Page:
07 April 2011

Post 369: The Knife of Never Letting Go

The Knife of Never Letting Go by Patrick Ness. ISBN: 9780763639310.

My fiance and I thoroughly enjoyed the antics of Manchee, the talking dog. Mainly because my fiance enjoys poop humor, and so the phrase, "Poo, Todd" has been incorporated into the repertoire of Things We Say To Each Other. And Danny hasn't even read the book yet, although he's enjoyed passages I've read aloud.

I think part of the appeal of this book for me was that the talking animals weren't shown as particularly smart. The fact that they added to the stream of Noise without usually contributing anything of value fits in well with my human preconceived notion that most animals do not have thoughts far beyond their bodily functions, the registering of pain, and noticing various stimuli. Manchee was good at remembering and reminding Todd of certain concepts, like promises he made, etc. but for the most part Manchee thinks how we expect a dog to think. And in some ways that is far more refreshing than turning him into a Mr. Peabody and Sherman type of caricature. Whether thoughts for more advanced animals (monkeys, elephants, dolphins, etc) would have held true to this is in question because we don't meet any of those on Todd's planet.

It does ask a question, and the asking asks an answer: would having a talking animal make their inevitable loss more or less devastating?

I could see it both ways. On the one hand, part of the thing we love most about pets is having someone in our lives that doesn't judge us. But what if those pets do judge us and our human brains just can't comprehend how they are doing it? What if the thought that runs through your dog's mind when you cry on his fur after a bad break up is, "You sure do smell bad today"? Pets wouldn't be so pleasant to keep around.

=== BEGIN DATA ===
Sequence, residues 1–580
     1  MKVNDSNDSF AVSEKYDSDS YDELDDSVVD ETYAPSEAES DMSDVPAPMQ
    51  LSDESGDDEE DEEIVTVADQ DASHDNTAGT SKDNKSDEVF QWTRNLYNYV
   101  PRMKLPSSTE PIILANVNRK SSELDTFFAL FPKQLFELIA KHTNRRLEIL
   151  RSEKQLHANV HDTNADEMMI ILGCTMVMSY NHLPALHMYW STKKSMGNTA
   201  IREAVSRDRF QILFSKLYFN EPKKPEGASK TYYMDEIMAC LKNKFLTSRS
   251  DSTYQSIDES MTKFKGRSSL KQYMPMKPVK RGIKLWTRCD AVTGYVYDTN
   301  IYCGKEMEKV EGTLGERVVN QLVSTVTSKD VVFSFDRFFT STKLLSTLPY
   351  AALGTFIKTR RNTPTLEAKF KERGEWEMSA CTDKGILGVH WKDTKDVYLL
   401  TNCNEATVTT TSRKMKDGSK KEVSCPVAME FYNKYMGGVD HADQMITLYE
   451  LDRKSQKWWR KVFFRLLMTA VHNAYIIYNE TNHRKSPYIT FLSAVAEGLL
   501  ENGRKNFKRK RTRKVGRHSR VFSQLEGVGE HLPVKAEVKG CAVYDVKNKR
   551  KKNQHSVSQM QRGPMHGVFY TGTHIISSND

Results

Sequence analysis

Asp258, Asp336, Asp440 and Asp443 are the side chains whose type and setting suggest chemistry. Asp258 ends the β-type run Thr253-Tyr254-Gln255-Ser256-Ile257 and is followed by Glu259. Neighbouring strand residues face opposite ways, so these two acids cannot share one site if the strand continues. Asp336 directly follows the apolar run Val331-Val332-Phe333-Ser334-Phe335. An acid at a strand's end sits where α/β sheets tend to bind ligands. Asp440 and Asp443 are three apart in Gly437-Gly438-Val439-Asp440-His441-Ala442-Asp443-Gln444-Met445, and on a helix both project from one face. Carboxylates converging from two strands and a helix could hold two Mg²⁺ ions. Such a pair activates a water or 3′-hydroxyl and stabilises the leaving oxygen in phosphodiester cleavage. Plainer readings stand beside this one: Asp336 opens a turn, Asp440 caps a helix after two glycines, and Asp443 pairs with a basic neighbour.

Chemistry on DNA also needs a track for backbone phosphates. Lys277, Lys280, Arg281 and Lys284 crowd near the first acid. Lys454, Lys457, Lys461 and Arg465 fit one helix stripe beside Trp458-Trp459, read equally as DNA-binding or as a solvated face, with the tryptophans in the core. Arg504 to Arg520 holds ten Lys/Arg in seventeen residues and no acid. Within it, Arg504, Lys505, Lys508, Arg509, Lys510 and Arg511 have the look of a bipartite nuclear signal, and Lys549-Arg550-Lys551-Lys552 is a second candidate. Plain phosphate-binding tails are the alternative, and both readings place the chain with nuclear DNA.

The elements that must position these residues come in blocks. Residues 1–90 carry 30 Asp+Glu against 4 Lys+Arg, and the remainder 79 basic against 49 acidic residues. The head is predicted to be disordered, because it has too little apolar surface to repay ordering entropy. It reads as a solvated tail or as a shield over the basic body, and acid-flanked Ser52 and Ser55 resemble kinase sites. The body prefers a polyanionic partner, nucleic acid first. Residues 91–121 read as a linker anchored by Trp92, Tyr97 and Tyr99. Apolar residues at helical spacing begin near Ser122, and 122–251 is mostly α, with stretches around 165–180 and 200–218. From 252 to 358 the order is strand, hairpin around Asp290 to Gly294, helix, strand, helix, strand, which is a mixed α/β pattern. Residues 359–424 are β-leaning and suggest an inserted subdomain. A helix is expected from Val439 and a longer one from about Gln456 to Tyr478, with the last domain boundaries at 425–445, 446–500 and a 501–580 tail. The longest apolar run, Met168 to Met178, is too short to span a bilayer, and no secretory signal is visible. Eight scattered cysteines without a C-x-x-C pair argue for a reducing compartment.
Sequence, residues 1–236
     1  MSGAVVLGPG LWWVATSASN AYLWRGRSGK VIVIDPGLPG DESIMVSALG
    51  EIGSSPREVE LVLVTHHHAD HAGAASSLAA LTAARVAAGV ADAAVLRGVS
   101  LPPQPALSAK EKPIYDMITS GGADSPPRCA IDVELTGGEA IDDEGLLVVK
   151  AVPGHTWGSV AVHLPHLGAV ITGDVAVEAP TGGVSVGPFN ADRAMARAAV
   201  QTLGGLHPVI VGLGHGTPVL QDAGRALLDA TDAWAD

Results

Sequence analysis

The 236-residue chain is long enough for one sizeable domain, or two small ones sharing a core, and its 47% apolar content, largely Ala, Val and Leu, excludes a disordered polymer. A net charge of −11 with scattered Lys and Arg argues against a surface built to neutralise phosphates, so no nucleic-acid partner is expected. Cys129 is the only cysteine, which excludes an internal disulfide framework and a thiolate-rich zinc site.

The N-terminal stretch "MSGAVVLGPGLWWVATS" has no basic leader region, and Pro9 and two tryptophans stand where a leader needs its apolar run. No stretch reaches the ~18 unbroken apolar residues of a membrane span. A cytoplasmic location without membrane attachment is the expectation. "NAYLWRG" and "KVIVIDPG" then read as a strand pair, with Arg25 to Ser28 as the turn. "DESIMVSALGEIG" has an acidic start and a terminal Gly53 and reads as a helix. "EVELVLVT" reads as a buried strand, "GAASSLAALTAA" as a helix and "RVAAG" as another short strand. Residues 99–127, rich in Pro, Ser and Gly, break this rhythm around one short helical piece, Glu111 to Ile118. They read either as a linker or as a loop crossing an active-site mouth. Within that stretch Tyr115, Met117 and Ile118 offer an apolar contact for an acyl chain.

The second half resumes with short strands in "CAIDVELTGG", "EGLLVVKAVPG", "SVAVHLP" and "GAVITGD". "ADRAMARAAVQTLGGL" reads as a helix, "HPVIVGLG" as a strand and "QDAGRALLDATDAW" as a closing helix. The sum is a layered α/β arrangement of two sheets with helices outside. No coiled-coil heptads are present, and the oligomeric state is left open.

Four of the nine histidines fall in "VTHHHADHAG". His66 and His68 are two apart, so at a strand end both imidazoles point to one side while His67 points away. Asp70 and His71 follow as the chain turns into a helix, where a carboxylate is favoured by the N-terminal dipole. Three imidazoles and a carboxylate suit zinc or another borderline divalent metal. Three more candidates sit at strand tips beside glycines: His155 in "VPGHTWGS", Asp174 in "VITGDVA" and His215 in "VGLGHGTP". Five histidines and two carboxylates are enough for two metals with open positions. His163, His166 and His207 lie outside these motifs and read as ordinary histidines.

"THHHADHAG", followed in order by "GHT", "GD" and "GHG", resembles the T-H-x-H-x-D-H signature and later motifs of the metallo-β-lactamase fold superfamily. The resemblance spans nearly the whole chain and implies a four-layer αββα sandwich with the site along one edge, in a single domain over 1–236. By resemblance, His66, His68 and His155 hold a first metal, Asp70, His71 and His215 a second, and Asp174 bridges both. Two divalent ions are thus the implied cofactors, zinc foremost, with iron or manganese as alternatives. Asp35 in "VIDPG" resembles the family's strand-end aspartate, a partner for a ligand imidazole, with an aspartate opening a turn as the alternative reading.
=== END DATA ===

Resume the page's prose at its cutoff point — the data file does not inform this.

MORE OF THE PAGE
But a thought pattern like Manchee's? One which is so simple and uncomplicated and just there? That would be devastating. You can see how much Manchee loves Todd, even though through the first third of the book Todd is complaining that he never wanted Manchee, etc. But Manchee loves that boy and seems to know that Todd doesn't mean it, and perhaps Manchee, being a dog, doesn't care. So even though it would be fun to hear what my cat is thinking (Bite, bite, bite, Curtain! bite!), I don't think I would want to. If only because it is already hard enough to lose a pet.

Presenting Lenore has an excellent short review if you are spoiler-phobic. Roxanne, another Goodreader, managed to sum up my general feelings about the end of the book, also without being too spoilery.
LibsNote: Library copy.


  1. I enjoy this book so very much. And you are right that the relationship between Todd and Manchee is actually made more poignant by Manchee's lack of sophistication; I loved it that he remained a dog and was not overly humanized.

  2. Trisha, it's definitely something authors overdo in dog books, I think. I do not doubt that dog's are able to have profound thoughts, but I get the feeling those are rarer than the typical anthropomorphization would have us believe. I'm pretty sure most of us love our pets precisely for their less sophisticated thoughts, regardless of whether or not we are bombarded with their Noise.


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